A Hague Convention on Jurisdiction and Judgments – Why did the Judgments Project (1992 – 2001) fail?

  • Eva Jueptner

Student thesis: Doctoral ThesisDoctor of Philosophy


The ‘Judgments Project’ was the name given to the process of multilateral discussions and negotiations under the auspices of the Hague Conference on Private International Law which took place between 1992 and 2001. This project was a remarkable and important project for various reasons. One purpose was to fill a massive gap in the international legal order by creating a global regime enabling the recognition and enforcement of foreign judgments in civil and commercial matters across borders between the Hague Conference Member States and third States. These States included among others the United States of America and the Member States of the European Community. One of the main benefits of the Judgments Project would have been to enable judgment creditors to have their judgments in civil and commercial matters recognised and enforced in all States Parties to the new Convention. In addition, the Hague Judgments Project was the first serious attempt of the Hague Conference since the 19th century to unify rules of international direct jurisdiction, concerning the power of courts to hear civil and commercial proceedings with an international element, on a broad scale. This ambitious project to create a global double convention (in the broad sense) failed, however, after almost ten years of negotiations, and after an enormous amount of resources on the part of both the Hague Conference Member States and the secretariat of the Hague Conference, the Permanent Bureau, had been spent. This thesis shows that the main reason for the failure of the project was the lack of preparation of the informal inter-state negotiations by the Permanent Bureau commensurate to the complexity of the endeavour. Moreover, the thesis establishes that in order for the 2010 revived Hague Judgments Project to succeed, a project which was partially concluded in 2019, it will be vital for the Permanent Bureau as well as for the Hague Conference Member States to draw lessons from the failure of the original Judgments Project. In particular, it will be essential that the Permanent Bureau expands the preparatory work on international direct jurisdiction in the context of the Hague Jurisdiction Project, and starts working towards creating a mixed convention as recommended by the American scholar Arthur T von Mehren.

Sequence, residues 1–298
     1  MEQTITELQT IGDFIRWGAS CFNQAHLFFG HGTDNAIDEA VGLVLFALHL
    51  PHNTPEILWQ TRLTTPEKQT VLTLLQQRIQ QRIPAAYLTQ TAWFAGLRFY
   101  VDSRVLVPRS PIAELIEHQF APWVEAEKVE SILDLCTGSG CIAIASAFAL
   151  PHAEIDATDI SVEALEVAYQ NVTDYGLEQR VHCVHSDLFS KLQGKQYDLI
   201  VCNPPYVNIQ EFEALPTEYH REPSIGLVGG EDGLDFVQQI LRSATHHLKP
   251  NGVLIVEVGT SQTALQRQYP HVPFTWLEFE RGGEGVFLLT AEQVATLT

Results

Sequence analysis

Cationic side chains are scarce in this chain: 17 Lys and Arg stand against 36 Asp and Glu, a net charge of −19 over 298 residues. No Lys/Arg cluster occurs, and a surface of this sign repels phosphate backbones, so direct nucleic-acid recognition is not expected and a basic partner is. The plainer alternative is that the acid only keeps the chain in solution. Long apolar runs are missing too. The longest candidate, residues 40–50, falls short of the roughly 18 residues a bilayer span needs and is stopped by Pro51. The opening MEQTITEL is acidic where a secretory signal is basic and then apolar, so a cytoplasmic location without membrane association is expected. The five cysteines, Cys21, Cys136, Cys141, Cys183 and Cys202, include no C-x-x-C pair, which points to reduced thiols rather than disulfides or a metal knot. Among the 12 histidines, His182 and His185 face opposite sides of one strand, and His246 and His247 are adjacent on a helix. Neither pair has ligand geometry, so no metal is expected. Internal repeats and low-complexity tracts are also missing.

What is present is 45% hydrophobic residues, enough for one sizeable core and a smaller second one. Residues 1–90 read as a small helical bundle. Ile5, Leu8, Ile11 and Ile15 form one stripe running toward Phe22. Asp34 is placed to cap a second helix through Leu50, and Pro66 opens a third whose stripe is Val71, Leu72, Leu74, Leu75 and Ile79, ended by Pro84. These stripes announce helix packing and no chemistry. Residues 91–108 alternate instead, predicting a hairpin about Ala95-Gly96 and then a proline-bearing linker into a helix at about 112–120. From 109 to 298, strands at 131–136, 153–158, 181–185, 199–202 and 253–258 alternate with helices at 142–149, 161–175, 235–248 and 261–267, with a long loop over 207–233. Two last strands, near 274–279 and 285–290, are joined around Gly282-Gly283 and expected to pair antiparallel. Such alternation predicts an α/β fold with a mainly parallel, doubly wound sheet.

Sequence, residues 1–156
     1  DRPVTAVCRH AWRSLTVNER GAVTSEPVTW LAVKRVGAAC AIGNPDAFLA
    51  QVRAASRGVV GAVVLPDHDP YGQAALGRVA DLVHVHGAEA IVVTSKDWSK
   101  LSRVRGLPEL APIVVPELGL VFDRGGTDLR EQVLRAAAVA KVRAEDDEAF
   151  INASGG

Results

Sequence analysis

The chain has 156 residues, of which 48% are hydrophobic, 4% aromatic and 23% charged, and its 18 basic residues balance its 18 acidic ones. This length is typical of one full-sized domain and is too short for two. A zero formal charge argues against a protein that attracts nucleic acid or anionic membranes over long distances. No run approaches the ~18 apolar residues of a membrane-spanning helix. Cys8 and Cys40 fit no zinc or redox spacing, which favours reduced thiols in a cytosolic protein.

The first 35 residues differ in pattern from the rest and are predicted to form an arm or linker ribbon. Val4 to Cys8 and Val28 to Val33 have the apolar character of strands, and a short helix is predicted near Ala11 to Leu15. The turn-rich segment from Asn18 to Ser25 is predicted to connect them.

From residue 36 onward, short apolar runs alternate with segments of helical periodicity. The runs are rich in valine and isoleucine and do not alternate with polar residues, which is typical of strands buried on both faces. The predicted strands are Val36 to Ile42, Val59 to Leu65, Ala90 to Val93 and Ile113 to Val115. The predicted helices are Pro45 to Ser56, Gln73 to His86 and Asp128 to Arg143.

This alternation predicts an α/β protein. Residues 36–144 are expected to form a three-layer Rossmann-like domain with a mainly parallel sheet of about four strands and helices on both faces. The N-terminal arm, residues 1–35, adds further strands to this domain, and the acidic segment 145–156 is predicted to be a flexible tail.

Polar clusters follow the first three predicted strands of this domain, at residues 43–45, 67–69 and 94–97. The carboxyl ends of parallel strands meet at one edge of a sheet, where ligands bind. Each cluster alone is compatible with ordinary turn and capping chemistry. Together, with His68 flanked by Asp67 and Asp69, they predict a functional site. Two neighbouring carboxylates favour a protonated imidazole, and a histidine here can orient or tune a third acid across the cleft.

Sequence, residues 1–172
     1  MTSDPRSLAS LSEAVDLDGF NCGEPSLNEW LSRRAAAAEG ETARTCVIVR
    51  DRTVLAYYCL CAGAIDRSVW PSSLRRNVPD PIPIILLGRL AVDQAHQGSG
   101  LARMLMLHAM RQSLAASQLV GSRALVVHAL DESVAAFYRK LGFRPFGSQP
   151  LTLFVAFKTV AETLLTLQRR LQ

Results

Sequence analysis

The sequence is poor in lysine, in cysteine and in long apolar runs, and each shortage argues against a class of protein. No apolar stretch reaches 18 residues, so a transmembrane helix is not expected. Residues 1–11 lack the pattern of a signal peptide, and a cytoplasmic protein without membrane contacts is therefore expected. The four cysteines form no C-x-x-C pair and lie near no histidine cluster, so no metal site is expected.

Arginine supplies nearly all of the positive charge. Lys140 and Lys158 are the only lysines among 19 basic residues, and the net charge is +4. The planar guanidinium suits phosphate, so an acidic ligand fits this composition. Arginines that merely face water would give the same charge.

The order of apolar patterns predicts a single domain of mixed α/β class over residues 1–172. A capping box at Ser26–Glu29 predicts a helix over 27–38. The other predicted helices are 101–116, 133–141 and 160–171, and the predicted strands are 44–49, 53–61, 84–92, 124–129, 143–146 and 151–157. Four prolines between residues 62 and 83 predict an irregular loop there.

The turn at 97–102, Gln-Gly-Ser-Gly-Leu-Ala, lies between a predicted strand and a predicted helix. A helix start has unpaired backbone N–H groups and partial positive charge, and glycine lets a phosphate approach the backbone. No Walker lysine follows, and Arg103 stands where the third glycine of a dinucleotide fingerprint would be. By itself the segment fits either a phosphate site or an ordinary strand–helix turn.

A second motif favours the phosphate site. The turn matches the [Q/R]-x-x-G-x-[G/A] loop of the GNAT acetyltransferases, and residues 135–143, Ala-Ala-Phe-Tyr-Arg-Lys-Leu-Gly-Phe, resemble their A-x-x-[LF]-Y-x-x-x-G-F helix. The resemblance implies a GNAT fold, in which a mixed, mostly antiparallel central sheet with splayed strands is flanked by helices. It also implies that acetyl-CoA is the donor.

Date of Award2020
Original languageEnglish
SupervisorAude Fiorini (Supervisor), Peter McEleavy (Supervisor) & Pamela Ferguson (Supervisor)


  • Hague Conference on Private International Law
  • International direct jurisdiction
  • Recognition and enforcement of foreign judgments
  • Unification

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